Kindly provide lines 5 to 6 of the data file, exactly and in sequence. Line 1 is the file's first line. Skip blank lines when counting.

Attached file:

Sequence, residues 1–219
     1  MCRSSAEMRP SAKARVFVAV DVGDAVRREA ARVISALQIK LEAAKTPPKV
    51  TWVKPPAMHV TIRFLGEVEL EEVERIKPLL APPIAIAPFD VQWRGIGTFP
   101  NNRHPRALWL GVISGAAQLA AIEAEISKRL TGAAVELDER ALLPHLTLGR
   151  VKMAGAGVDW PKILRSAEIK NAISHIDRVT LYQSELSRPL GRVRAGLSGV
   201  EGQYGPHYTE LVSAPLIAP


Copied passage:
   151  VKMAGAGVDW PKILRSAEIK NAISHIDRVT LYQSELSRPL GRVRAGLSGV
   201  EGQYGPHYTE LVSAPLIAP